How do I remove tea stains from my teeth?
To remove tea stains from teeth, floss and brush twice daily using smokers toothpaste or stain removal toothpaste – this is a temporary solution as the coarse paste could damage tooth enamel over time. Dental polishing treatments to remove tea stains before whitening are available. Eating crunchy foods can also help to scrub tea stained teeth.
Tea stains on the teeth can be difficult to remove at home. Tips such as swilling the mouth with water after drinking dark tea or coffee, and drinking anything other than water through a straw can help to prevent stains from forming on the teeth. However, where stains have already formed, there are various methods of helping to reduce the appearance of the stain.
Tips to remove tea stains from the teeth include:
Brush twice per day and develop a regular flossing regime
A major cause of tea stains on the teeth is a failure to remove tannin – a natural compound found in tea – from the surface of the teeth after drinking (please see below: “What causes tea stains on the teeth?”).
Where tannins (and other food debris) are allowed to build-up on the surface of the tooth, a sticky substance called plaque can form, trapping the tannin against the enamel. Brushing twice a day and flossing regularly will help to remove and prevent plaque from forming on the teeth.
Eat more naturally abrasive foods to help remove tea stains
Certain ‘brittle’ or ‘crunchy’ foods can help to scrub the teeth when chewing, gradually removing tea stains over time. Examples include apples, carrots, mixed nuts, seeds, celery, popcorn, pea pods, whole grain cereals, pears, cucumbers, radishes, chestnuts, rice crackers, bread crusts, and breadsticks.
Home dental whitening vs. teeth whitening at the dentist
Tooth whitening can be an effective method of removing tea stains from the teeth. There are several important differences to consider when choosing between whitening the teeth at home and teeth whitening from the dentist. Although the associated costs of over-the-counter home teeth whitening systems are generally lower, the outcome does not always meet expectations.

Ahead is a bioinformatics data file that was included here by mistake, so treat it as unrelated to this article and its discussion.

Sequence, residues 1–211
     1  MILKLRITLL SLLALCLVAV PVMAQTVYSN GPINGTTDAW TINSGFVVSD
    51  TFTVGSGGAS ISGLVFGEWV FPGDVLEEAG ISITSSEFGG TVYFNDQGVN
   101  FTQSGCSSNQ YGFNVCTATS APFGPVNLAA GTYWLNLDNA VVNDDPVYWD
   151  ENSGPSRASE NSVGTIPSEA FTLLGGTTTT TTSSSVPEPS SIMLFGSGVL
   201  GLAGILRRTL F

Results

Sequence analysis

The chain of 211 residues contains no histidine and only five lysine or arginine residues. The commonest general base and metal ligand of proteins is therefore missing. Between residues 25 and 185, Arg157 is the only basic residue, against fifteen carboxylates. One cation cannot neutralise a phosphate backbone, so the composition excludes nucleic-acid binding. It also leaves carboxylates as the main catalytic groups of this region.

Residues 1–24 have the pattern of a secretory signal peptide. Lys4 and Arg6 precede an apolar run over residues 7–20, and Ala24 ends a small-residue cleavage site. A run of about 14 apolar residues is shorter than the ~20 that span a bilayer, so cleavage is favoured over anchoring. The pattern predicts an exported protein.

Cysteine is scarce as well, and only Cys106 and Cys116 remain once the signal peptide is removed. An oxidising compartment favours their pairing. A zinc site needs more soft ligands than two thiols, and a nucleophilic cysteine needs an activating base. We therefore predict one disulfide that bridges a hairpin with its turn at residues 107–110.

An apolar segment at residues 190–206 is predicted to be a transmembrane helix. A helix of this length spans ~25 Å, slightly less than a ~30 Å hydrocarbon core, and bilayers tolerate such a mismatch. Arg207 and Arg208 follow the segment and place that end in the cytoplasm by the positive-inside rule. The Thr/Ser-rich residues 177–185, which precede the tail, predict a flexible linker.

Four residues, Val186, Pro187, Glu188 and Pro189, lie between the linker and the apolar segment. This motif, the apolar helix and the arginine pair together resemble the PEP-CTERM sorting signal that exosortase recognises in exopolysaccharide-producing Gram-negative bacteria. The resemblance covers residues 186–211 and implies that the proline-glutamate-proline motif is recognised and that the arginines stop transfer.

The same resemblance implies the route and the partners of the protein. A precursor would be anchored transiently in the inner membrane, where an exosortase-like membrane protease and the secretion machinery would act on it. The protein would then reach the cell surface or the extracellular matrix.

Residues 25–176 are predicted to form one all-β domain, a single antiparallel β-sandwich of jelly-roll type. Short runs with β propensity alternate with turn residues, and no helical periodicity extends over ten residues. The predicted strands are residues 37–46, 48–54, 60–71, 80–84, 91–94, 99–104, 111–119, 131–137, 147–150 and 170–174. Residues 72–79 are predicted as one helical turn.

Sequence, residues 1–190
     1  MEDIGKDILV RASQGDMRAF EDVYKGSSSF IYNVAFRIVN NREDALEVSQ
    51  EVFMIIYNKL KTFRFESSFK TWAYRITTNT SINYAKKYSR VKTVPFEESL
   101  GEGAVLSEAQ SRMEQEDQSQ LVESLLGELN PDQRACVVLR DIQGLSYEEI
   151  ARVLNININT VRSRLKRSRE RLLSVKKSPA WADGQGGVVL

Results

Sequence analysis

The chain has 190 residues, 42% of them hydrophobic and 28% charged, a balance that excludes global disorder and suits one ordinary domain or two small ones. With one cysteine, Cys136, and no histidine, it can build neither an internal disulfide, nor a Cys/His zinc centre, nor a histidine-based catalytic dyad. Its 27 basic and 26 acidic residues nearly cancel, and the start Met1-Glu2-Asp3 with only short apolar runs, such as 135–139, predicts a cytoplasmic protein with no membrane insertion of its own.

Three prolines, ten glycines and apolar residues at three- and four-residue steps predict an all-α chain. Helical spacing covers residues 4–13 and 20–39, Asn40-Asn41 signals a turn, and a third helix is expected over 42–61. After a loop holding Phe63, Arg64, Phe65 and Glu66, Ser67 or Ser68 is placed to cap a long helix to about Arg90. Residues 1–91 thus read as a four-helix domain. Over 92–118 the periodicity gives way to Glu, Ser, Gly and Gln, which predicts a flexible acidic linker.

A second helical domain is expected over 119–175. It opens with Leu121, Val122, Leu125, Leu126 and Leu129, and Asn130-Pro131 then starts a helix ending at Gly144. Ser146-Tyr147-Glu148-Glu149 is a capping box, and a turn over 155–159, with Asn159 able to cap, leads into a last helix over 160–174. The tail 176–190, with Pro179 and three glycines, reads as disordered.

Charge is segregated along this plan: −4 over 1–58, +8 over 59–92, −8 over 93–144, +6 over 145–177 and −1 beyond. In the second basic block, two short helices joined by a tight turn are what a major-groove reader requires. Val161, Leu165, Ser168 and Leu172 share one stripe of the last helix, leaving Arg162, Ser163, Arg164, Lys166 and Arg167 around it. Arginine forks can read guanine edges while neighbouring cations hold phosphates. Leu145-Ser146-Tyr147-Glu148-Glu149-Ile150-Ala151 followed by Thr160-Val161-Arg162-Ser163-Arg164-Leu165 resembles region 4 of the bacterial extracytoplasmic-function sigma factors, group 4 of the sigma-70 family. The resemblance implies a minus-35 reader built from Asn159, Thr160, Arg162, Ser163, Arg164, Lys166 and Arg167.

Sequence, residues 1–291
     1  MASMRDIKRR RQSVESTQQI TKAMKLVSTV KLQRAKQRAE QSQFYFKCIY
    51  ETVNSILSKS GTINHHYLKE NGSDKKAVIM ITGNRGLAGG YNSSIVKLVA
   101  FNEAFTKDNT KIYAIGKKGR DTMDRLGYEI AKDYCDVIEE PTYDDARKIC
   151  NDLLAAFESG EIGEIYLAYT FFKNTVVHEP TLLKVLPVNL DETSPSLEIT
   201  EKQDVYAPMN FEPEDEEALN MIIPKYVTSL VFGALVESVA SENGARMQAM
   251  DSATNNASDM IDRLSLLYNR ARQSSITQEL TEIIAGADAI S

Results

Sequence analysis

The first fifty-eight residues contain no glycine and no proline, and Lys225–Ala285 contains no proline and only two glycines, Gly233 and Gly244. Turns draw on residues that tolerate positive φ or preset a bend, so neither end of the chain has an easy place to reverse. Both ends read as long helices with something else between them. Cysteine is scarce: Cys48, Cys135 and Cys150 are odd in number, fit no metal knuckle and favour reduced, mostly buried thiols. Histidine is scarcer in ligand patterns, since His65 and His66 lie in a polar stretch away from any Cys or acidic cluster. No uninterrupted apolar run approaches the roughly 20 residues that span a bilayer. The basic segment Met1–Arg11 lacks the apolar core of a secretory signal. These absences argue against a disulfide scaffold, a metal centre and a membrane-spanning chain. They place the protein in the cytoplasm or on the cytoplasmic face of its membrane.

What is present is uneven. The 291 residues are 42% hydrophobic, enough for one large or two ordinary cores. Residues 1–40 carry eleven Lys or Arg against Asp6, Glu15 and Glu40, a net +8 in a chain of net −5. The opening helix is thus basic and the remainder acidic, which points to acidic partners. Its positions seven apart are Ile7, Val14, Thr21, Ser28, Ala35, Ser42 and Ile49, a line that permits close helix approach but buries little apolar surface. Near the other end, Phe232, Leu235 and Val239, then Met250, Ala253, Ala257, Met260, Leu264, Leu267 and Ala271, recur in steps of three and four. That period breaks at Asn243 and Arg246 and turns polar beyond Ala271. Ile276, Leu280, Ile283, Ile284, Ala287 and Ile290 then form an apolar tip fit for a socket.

Benefits of teeth whitening at the dentist:
The dentist will polish/remove the stain before whitening the enamel
One of the reasons that patients do not achieve the desired results when investing in an at-home teeth whitening system to remove tea stains from the teeth is that the stain prevents the bleaching agent from reaching the enamel.
The dentist will use professional dental tools to remove the tea stain before applying the bleaching agent, resulting in improved overall whitening of the enamel.
The dentist offers stronger bleaching agents compared to store-bought gels
Depending on the product, over-the-counter bleaching gels typically range in peroxide strength from between 3% – 20%. In contrast, the strength of the bleaching agent available from the dentist typically ranges from between 15% – 43%. The dentist may also apply heat or light to increase the effectiveness of the process.
This means that the dentist is able to offer superior results in removing tea stains from the teeth when compared to at-home teeth whitening gels, with results from the dentist showing an increase of 3x-8x the brightness of the original tea stained tooth enamel. Single session courses are also available from the dentist.
The dentist will offer bespoke trays and ongoing advice on tea stain removal
Teeth whitening gels are applied to the teeth via a tray. Store-bought trays are unlikely to give a perfect fit in the mouth – gum irritation and gel leaking out of the tray are common issues. The dentist will offer bespoke trays to ensure that once the tea stain has been removed, the application of the tooth whitening gel will be a comfortable experience.
Teeth whitening is linked to tooth sensitivity, which is typically more noticeable in the hours following treatment. The dentist can help to control sensitivity issues by tailoring a teeth whitening course that involves shorter sessions over a longer treatment period. The dentist can also advise on tips to reduce symptoms of heightened sensitivity, such as placing sensitive toothpaste in a bespoke tray and applying to the teeth.
What causes tea stains on the teeth?
Tea stains on the teeth are caused by naturally occurring compounds called tannins. Over consumption of tannins is linked to nausea, stomach ache, and vomiting, but in normal doses (e.g. several daily cups of tea) the main issue is brown/black tea stains on the teeth. Black tea, black coffee, and dark red wines result in greater staining issues.
The body protects the tooth enamel by forming a thin film (made from components found within saliva) on the surface of the teeth. This mildly antibacterial coating, called the pellicle, starts to form moments after cleaning the teeth and develops to full capacity within a few hours. This protective layer can trap tannins against the tooth, which if not cleaned can stain the enamel.
Remember – black tea contains more tannins than black coffee. Follow the advice listed above on how to remove tea stains from the teeth to avoid a build-up of tannins on the teeth.